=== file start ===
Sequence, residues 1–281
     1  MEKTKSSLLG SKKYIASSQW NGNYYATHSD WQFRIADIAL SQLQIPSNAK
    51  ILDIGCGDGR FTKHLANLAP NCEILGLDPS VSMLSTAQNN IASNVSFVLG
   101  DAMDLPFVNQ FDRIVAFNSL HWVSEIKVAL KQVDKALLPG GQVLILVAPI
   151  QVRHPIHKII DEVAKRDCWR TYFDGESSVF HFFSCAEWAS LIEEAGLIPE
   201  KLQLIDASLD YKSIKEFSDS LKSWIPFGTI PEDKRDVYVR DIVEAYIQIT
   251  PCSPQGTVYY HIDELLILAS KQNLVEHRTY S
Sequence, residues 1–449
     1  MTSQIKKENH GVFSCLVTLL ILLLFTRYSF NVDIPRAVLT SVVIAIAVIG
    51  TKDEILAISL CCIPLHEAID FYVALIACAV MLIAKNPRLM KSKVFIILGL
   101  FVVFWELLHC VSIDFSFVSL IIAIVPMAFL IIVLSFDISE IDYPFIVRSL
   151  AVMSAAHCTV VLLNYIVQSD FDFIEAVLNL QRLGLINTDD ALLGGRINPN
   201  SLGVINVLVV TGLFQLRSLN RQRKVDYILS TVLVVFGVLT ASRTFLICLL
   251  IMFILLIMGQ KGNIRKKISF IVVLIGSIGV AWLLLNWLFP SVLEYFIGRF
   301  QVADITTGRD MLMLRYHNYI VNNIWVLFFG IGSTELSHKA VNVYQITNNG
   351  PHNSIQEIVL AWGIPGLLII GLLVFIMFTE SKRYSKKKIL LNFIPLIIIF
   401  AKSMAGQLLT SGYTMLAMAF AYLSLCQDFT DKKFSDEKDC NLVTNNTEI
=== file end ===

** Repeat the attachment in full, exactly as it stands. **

Sequence, residues 1–281
     1  MEKTKSSLLG SKKYIASSQW NGNYYATHSD WQFRIADIAL SQLQIPSNAK
    51  ILDIGCGDGR FTKHLANLAP NCEILGLDPS VSMLSTAQNN IASNVSFVLG
   101  DAMDLPFVNQ FDRIVAFNSL HWVSEIKVAL KQVDKALLPG GQVLILVAPI
   151  QVRHPIHKII DEVAKRDCWR TYFDGESSVF HFFSCAEWAS LIEEAGLIPE
   201  KLQLIDASLD YKSIKEFSDS LKSWIPFGTI PEDKRDVYVR DIVEAYIQIT
   251  PCSPQGTVYY HIDELLILAS KQNLVEHRTY S
Sequence, residues 1–449
     1  MTSQIKKENH GVFSCLVTLL ILLLFTRYSF NVDIPRAVLT SVVIAIAVIG
    51  TKDEILAISL CCIPLHEAID FYVALIACAV MLIAKNPRLM KSKVFIILGL
   101  FVVFWELLHC VSIDFSFVSL IIAIVPMAFL IIVLSFDISE IDYPFIVRSL
   151  AVMSAAHCTV VLLNYIVQSD FDFIEAVLNL QRLGLINTDD ALLGGRINPN
   201  SLGVINVLVV TGLFQLRSLN RQRKVDYILS TVLVVFGVLT ASRTFLICLL
   251  IMFILLIMGQ KGNIRKKISF IVVLIGSIGV AWLLLNWLFP SVLEYFIGRF
   301  QVADITTGRD MLMLRYHNYI VNNIWVLFFG IGSTELSHKA VNVYQITNNG
   351  PHNSIQEIVL AWGIPGLLII GLLVFIMFTE SKRYSKKKIL LNFIPLIIIF
   401  AKSMAGQLLT SGYTMLAMAF AYLSLCQDFT DKKFSDEKDC NLVTNNTEI